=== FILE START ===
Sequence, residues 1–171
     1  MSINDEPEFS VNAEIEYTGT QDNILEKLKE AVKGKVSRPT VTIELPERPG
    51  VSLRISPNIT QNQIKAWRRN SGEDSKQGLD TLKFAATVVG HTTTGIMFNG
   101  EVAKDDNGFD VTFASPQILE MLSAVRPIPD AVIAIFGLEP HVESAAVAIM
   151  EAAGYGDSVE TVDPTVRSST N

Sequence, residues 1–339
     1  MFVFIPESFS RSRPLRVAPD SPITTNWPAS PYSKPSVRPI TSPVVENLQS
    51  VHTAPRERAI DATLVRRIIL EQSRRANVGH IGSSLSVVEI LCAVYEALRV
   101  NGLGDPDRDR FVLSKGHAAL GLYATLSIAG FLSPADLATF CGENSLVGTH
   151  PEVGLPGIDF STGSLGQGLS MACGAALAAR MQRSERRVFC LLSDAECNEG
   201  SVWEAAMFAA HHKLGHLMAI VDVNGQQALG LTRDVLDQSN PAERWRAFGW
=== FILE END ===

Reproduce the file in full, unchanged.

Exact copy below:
Sequence, residues 1–171
     1  MSINDEPEFS VNAEIEYTGT QDNILEKLKE AVKGKVSRPT VTIELPERPG
    51  VSLRISPNIT QNQIKAWRRN SGEDSKQGLD TLKFAATVVG HTTTGIMFNG
   101  EVAKDDNGFD VTFASPQILE MLSAVRPIPD AVIAIFGLEP HVESAAVAIM
   151  EAAGYGDSVE TVDPTVRSST N

Sequence, residues 1–339
     1  MFVFIPESFS RSRPLRVAPD SPITTNWPAS PYSKPSVRPI TSPVVENLQS
    51  VHTAPRERAI DATLVRRIIL EQSRRANVGH IGSSLSVVEI LCAVYEALRV
   101  NGLGDPDRDR FVLSKGHAAL GLYATLSIAG FLSPADLATF CGENSLVGTH
   151  PEVGLPGIDF STGSLGQGLS MACGAALAAR MQRSERRVFC LLSDAECNEG
   201  SVWEAAMFAA HHKLGHLMAI VDVNGQQALG LTRDVLDQSN PAERWRAFGW